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NIMS Incident Types

NIMS info from DHS
Today's post come in the form of an email question and answer on NIMS incident typing. The question comes from Ben Hazlerig, a Paramedic who has transitioned into Emergency Management. The answer from Alan Bubel, Assistant Chief of the Gates (NY) Fire District, an authority on NIMS, and frequent contributor to Mitigation Journal blog and podcast. 

NIMS Field Guide from Informed Publishing
 I love NIMS job aids and memory helpers. The best guides I've found have come from Informed Publishing. Informed offers a wide variety of field guides for the traditional and non-traditional responder. The NIMS ICS Field Guide puts all the needed information in your pocket...for any NIMS/ICS position. Available in electronic and hard-copy, it's a tremendous aid for any experience level. You can also stay current by reading the Mitigation Journal and listening to our podcast. The Mitigation Journal podcast App is also available on iTunes! 

Note: I endorse Informed Publishing products. Neither Ben nor Alan have any involvement with Informed.

Ben writes:
I’ve been a listener of your podcasts for some time now, especially during my days of Paramedic school.  I’ve now transitioned from EMS into an office Emergency Management job.  One thing I’m having a hard time grasping is the NIMS Incident typing.  The company I’m with uses the Incident Type 1 to 5 scale to classify events in the beginning stages.  I haven’t been able to find anything within the FEMA online materials that clearly defines who officially determines Incident Types as it relates to National disasters.  We are essentially mimicking the NIMS system within our own organization and putting the job of Incident Typing on our Senior Level Executives who have limited Emergency Management experience.  It seems to me that this classification is better implemented after the fact as a way to summarize what resources were used.   Do you have any thoughts on this subject or know of any reference material online I could refer to.  Thanks for any information you can provide.

Alan responds:

Here are some thoughts on the topic of Incident Typing:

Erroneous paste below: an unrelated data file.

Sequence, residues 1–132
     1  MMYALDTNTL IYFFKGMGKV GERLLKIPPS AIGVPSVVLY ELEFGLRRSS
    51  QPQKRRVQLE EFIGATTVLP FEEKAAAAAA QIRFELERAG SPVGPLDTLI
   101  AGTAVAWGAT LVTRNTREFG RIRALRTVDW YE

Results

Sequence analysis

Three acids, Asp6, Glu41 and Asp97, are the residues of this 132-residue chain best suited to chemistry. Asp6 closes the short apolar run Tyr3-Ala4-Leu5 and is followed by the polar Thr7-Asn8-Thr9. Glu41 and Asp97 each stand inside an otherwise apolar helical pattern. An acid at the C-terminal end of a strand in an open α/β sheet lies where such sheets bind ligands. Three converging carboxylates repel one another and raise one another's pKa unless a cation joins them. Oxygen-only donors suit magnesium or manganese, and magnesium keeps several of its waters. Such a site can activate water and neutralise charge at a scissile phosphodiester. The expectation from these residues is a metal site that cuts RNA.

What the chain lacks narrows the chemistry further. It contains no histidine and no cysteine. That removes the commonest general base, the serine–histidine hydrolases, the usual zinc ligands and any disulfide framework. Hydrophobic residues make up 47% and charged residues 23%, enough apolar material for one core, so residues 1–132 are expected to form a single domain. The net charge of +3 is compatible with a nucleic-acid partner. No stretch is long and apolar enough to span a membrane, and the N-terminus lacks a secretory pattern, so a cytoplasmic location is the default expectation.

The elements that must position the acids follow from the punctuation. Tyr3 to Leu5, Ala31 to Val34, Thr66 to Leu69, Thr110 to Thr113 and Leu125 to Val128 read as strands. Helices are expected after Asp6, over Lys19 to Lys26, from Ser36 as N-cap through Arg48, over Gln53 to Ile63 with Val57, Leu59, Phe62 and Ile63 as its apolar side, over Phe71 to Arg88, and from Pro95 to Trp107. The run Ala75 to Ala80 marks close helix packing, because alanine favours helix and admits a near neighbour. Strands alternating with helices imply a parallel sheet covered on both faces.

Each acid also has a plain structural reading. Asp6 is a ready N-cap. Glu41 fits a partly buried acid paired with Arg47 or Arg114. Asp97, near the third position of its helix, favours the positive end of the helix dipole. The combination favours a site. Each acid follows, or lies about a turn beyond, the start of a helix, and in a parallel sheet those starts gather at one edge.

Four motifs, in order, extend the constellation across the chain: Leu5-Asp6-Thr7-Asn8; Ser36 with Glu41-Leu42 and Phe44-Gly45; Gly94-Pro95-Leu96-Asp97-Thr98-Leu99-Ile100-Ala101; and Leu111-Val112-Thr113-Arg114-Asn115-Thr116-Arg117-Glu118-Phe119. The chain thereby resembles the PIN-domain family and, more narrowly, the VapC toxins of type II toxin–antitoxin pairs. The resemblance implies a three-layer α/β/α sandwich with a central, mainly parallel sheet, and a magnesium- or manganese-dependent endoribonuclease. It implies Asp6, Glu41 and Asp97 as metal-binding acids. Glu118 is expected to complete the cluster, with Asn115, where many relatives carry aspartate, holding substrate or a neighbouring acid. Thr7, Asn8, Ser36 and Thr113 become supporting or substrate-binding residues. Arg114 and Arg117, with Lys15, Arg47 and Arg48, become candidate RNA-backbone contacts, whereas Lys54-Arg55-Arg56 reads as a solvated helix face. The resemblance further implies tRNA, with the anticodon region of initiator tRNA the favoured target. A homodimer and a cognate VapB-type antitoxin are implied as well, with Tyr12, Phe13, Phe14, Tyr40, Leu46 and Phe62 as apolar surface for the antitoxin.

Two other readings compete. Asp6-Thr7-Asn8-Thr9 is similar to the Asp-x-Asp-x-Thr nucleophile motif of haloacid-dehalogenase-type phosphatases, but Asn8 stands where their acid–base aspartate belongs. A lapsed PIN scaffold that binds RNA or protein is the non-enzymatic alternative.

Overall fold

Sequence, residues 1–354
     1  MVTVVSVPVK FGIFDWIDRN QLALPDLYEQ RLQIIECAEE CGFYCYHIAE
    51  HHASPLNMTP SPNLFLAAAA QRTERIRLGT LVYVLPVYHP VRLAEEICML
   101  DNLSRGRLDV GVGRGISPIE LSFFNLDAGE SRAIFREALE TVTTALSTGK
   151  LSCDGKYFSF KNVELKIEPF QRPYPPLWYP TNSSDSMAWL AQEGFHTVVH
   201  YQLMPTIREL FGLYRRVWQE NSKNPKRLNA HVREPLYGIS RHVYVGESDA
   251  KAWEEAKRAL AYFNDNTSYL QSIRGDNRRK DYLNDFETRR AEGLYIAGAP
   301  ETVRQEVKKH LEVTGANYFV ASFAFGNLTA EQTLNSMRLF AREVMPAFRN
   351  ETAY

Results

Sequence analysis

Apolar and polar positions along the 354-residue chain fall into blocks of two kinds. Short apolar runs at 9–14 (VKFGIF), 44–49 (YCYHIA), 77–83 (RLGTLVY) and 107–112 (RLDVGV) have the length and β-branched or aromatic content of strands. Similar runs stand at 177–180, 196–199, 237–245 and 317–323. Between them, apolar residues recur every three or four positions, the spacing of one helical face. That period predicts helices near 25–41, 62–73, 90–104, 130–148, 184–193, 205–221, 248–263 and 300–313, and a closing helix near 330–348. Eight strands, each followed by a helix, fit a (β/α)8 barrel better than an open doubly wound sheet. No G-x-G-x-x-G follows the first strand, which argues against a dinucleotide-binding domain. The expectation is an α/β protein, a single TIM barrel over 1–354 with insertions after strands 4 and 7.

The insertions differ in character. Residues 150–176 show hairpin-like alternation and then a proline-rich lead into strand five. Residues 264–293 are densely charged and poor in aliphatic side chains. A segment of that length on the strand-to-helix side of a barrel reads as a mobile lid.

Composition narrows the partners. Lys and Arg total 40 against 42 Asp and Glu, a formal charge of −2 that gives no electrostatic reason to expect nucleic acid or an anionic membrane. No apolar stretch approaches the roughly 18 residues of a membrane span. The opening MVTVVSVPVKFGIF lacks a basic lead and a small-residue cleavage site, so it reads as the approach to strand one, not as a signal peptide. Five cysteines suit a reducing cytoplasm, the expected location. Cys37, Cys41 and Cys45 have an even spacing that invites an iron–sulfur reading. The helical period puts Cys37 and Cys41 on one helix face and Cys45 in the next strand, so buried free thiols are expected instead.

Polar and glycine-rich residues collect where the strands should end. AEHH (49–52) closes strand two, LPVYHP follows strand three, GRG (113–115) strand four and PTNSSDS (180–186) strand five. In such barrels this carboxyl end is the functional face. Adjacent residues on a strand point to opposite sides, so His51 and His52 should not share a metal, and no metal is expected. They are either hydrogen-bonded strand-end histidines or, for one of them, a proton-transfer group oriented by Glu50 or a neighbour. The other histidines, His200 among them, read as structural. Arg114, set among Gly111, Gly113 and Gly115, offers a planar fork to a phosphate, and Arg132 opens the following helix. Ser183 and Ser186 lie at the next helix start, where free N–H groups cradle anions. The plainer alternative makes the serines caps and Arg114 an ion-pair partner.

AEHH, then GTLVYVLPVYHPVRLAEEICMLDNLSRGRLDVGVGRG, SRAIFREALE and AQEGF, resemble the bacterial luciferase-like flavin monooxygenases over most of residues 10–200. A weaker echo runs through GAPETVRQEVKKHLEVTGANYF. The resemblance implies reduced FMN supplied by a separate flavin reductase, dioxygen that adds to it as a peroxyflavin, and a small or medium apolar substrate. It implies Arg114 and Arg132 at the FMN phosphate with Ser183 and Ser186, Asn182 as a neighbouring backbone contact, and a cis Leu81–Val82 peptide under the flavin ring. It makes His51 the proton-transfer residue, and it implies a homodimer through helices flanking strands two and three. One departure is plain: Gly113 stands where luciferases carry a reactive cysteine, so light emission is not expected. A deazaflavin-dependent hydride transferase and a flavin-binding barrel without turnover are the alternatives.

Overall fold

One of the responsibilities of the Incident Commander (IC) is to analyze the complexity of the incident. This helps to identify resource requirements and manipulate the incident management structure appropriately. Complexity analysis factors include such things as safety, resources, size of the incident and impacts to life, property and the economy. More information on this can be found in the ICS200 curriculum.

Categorizing an incident by type, then, is based on the incident's complexity. You're aware of the 5 to 1 scale (Type 1 incidents being the most complex) so we don't need to get into that discussion. However, your question pertained to who officially determines incident type relative to a national disaster. With that being said, there are only two incident levels where Federal resources come into play - Type 2 and Type 1; of those two, only a Type 1 incident is considered an "Incident of National Significance". A national disaster would fit the criteria for an "Incident of National Significance", activating the National Response Framework (former National Response Plan) and likely resulting in Stafford Act declarations. But, WHO determines the incident type?

The answer is the IC, based on the whole complexity analysis thing. In addition to analyzing incident complexity, the IC has the responsibility to call for resources. The level from which those resources are requested (local, state, or Federal) also speaks to the incident type. Type 5 and Type 4 incidents normally require local resources; Type 3 incidents local and state resources; and Type 2 and Type 1 incidents all three levels. So, if incident complexity is not enough for an IC to base an incident type decision on, the resource requests can serve as an added guide.

Although incident typing is very useful for summarizing the size, scope and complexity of an incident after the fact, the determination of the incident type needs to be made real-time during the incident by the IC. If your executives have IC responsibilities, they should be afforded the training and education required to identify incident type. (Training through the ICS400 level would be my recommendation). If they do not function as an IC, but support an incident as Emergency Management personnel, they should still be aware of the incident typing process and the role it plays relative to resources and geo-political impact.

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